BANGKOK– Thailand’s navy chief Adm Surasak Rounroengrom has categorically dismissed the allegations that his men had killed at least two Rohingya migrants in the sea off Pang- nga province last month.
The Thai navy chief’s comment was made in response to the charges from Human Rights Watch which accused that navy soldiers on a patrol boat of firing on the Rohingya boat people who had fled sectarian violence in Myanmar’s Rakhine state on Feb. 22.
The Thai navy chief said his men would only look to help those asylum seekers rather than harm them as alleged by the United States-based organization. “We’d give those boat people some food, water, medicine and fuel purely on humanitarian basis. We’d even fix their boats so they could proceed toward their preferred destination in another country. Under no circumstances would we ever harm such pitiful people,” said Adm Surasak.
Human Rights Watch’s Asia director Brad Adams called on the Thai government to launch investigation into the alleged incident in which at least two among a total of about 130 Rohingya migrants were shot dead by the Thai navy.
The Rohingya migrants had crammed up a boat which sailed on the Andaman Sea until it ran out of fuel near Surin Island off Pang- nga province and was approached by the navy patrol boat.
Adams alleged that the Thai navy soldiers told them to split up into small groups to board other boats. However, he alleged, the soldiers fired on a group of the Rohingya migrants after they had jumped overboard in apparent bid to escape.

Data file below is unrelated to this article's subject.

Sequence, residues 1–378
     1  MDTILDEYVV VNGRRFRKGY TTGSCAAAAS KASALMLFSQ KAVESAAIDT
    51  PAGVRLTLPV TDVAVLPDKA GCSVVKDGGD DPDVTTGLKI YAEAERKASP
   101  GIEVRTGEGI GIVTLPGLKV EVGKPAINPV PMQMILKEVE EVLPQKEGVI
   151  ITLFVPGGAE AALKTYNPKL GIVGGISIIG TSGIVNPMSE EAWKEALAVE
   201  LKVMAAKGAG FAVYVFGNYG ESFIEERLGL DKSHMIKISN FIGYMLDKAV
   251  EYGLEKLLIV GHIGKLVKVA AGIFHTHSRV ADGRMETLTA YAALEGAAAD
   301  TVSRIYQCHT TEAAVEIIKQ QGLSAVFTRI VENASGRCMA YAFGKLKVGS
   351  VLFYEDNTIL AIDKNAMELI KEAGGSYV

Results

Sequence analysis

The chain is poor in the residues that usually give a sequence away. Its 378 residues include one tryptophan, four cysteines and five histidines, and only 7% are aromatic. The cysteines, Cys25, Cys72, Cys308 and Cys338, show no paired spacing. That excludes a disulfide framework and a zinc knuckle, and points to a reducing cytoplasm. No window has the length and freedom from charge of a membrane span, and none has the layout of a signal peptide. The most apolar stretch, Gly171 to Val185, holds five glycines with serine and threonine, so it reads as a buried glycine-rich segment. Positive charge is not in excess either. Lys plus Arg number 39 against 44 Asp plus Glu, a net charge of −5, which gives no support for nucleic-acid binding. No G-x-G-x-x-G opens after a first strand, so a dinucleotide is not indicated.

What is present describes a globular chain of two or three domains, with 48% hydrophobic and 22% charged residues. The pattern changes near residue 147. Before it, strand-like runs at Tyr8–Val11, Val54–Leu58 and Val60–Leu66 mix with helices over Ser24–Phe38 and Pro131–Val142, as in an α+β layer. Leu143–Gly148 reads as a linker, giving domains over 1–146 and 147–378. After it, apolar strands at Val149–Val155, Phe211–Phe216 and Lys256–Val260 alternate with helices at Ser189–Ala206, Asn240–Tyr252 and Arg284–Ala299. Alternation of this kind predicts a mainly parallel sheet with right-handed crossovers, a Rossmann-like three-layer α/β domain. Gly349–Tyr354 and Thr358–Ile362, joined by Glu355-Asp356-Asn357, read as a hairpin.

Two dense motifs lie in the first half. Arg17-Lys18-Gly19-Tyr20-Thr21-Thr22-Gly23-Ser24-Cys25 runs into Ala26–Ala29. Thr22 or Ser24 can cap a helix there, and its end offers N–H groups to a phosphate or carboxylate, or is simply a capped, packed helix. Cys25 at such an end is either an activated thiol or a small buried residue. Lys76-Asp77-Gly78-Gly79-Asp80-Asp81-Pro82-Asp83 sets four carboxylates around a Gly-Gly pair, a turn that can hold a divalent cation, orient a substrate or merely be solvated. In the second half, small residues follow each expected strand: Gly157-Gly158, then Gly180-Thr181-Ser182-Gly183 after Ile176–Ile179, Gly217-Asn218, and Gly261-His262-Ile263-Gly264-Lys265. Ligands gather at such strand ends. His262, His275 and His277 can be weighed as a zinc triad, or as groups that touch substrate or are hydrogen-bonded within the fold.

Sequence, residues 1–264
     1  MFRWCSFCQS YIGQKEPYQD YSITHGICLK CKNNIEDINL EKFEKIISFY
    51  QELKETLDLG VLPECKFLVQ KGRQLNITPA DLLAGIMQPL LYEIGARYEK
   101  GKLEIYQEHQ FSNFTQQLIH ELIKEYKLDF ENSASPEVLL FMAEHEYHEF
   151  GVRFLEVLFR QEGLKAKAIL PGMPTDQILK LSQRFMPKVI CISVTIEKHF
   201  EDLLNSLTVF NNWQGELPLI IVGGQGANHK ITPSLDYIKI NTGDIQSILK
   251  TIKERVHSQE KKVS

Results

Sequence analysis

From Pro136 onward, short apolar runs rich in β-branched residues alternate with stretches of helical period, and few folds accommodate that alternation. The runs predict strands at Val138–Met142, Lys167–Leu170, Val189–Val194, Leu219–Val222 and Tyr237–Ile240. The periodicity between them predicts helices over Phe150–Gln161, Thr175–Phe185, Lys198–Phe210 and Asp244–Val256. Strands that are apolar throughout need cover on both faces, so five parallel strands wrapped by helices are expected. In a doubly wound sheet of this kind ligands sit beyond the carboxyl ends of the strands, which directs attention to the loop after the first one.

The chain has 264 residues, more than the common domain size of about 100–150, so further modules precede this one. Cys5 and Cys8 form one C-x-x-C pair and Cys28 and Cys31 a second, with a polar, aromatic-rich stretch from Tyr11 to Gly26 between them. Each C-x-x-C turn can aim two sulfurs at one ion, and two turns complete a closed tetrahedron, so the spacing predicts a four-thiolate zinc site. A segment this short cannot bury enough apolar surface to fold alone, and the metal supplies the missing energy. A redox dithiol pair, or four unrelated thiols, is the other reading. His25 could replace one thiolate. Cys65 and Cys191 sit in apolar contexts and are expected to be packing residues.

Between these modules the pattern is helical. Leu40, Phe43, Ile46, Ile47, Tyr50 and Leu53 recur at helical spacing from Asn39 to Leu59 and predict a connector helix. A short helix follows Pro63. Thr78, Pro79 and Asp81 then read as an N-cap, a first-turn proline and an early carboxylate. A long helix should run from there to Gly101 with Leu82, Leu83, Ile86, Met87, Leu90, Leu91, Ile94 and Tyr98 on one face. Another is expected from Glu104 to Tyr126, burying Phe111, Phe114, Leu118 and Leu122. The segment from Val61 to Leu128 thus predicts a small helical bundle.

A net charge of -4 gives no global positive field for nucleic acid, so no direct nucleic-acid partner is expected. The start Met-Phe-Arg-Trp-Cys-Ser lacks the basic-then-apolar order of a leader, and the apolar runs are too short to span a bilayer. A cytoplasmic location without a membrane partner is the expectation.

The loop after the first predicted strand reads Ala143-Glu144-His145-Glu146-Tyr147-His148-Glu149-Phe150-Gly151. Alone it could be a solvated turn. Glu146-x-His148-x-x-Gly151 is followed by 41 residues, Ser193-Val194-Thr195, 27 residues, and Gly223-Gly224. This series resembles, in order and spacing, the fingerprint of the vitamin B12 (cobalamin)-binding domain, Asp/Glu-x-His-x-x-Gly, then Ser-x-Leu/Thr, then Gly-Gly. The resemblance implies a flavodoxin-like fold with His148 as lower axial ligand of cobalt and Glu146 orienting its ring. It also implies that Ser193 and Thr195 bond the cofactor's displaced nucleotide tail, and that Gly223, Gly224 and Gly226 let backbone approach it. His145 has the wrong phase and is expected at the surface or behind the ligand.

The bodies of the two migrants who died of bullet wounds were later found afloat by local islanders, alleged the Human Rights Watch director who also charged that the Thai navy had failed to observe international law pertaining to the use of force to handle asylum seekers.
Thousands of Muslim Rohingya migrants have fled the riotous Rakhine state using seedy barges to sail on the Andaman Sea with intent to reach the territory of a predominantly-Muslim country such as Malaysia and Indonesia where they would be settled as refugees under care of the United Nations High Commissioner for Refugees.
But many ended up on the shores of Thailand’s southern provinces where they would be given temporary shelter and finally sent off toward a third country.
However, hundreds of Rohingya migrants who had arrived by boat to the Thai southern province of Ranong were brought on trucks to a border spot in Songkla province where they would be hired as illegal workers earlier this year. The Thai authorities arrested the human trafficking racket and sent the Rohingya boat people back to the sea.
Thailand has obviously adopted the policy to provide food, water and supplies for the Rohingya on temporary and humanitarian basis and to eventually send the boat people off to a third country at a later date.